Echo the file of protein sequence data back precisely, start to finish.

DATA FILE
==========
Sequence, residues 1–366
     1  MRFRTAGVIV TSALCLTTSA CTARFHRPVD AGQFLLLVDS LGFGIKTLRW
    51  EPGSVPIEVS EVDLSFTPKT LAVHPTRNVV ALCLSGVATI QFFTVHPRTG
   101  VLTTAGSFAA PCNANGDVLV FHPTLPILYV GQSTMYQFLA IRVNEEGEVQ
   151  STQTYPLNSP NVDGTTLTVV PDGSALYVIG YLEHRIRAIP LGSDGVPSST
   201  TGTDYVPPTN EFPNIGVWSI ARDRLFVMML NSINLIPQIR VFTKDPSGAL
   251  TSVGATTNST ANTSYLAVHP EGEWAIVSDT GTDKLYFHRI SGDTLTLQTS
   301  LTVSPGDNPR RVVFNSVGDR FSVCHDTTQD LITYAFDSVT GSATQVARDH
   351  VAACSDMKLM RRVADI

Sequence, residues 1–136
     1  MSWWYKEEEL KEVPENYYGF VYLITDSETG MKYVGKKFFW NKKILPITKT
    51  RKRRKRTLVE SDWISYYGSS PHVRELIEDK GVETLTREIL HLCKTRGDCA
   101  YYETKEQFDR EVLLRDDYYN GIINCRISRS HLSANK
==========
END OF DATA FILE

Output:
Sequence, residues 1–366
     1  MRFRTAGVIV TSALCLTTSA CTARFHRPVD AGQFLLLVDS LGFGIKTLRW
    51  EPGSVPIEVS EVDLSFTPKT LAVHPTRNVV ALCLSGVATI QFFTVHPRTG
   101  VLTTAGSFAA PCNANGDVLV FHPTLPILYV GQSTMYQFLA IRVNEEGEVQ
   151  STQTYPLNSP NVDGTTLTVV PDGSALYVIG YLEHRIRAIP LGSDGVPSST
   201  TGTDYVPPTN EFPNIGVWSI ARDRLFVMML NSINLIPQIR VFTKDPSGAL
   251  TSVGATTNST ANTSYLAVHP EGEWAIVSDT GTDKLYFHRI SGDTLTLQTS
   301  LTVSPGDNPR RVVFNSVGDR FSVCHDTTQD LITYAFDSVT GSATQVARDH
   351  VAACSDMKLM RRVADI

Sequence, residues 1–136
     1  MSWWYKEEEL KEVPENYYGF VYLITDSETG MKYVGKKFFW NKKILPITKT
    51  RKRRKRTLVE SDWISYYGSS PHVRELIEDK GVETLTREIL HLCKTRGDCA
   101  YYETKEQFDR EVLLRDDYYN GIINCRISRS HLSANK